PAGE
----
Pessimists Die Two Years Earlier Than Optimists, Study Finds
If pessimists weren’t already negative enough, it turns out they don’t live as long as their optimistic counterparts.
A new study of 3,000 people found those with more of a negative outlook on life were likely to die sooner from things such as cardiovascular disease.
However, researchers from the QIMR Berghofer Medical Research Institute in Brisbane, Australia, found that being an optimist didn’t necessarily increase life expectancy.
Lead researcher Dr John Whitfield explained the team’s findings:
We found people who were strongly pessimistic about the future were more likely to die earlier from cardiovascular diseases and other causes of death, but not from cancer.
Optimism scores on the other hand did not show a significant relationship with death, either positive or negative.
Fewer than 9% of the study’s respondents identified as being strongly pessimistic, and there were no significant differences in optimism and pessimism between men and women.
On average, it was found that a person’s level of optimism or pessimism increased with age; maybe that explains why old people are either super happy or super grumpy.
Dr Whitfield added that ‘depression did not appear to account for the association between pessimism and mortality’.
According to the research institution’s press release, it used data collected from a broader questionnaire that looked at the health of Australians aged over 50 between 1993 and 1995. Participants were invited to agree or disagree with a number of statements including positive statements such as, ‘I’m always optimistic about my future’, or negative statements such as, ‘If something can go wrong for me, it will’.
The participants’ details were then crosschecked with the Australian National Death Index in 2017 where researchers discovered more than 1,000 had died. They also looked at the participant’s cause of death.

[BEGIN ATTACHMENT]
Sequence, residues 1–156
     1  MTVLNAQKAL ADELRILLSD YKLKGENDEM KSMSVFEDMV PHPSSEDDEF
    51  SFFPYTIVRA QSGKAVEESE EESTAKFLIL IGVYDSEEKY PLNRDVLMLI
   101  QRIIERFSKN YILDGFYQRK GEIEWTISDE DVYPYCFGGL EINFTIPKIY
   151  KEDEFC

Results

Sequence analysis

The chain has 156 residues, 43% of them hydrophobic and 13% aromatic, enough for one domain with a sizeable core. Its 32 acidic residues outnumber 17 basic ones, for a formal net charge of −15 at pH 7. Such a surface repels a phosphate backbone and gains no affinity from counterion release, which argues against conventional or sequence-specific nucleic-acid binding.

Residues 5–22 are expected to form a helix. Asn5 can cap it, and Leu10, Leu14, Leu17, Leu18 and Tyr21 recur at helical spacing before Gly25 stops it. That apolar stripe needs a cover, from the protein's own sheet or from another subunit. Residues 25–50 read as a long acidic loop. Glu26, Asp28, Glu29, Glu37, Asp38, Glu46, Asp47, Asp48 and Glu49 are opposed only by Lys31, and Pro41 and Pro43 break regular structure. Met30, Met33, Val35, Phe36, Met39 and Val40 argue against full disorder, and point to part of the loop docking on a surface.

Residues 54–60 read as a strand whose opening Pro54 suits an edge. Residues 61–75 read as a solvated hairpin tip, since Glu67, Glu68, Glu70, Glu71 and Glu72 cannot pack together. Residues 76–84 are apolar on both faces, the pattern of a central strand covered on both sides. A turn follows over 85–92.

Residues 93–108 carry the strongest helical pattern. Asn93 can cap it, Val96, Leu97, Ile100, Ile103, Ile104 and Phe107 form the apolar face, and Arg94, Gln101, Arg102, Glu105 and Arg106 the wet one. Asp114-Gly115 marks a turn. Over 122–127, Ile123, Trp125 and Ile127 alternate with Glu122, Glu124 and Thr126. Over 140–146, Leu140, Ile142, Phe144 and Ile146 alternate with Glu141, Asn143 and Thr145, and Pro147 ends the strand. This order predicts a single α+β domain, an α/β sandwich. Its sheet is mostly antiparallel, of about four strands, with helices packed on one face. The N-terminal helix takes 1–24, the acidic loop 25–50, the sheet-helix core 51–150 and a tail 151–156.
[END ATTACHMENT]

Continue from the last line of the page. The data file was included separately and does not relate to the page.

While the findings partially correlate with previous studies on optimism, pessimism and life expectancy, Dr Whitfield said optimism and pessimism are not direct opposites. Previous studies have put the two things on one scale, while Dr Whitfield and his team used two scales.
The key feature of our results is that we used two separate scales to measure pessimism and optimism and their association with all causes of death.
That is how we discovered that while strong pessimism was linked with earlier death, those who scored highly on the optimism scale did not have a greater than average life expectancy.
We think it’s unlikely that the disease caused the pessimism because we did not find that people who died from cancer had registered a strong pessimism score in their tests. If illness was leading to higher pessimism scores, it should have applied to cancers as well as to cardiovascular disease.
Dr Whitfield hopes the study may help people change their perspective on the world and that it may help reduce negativity.
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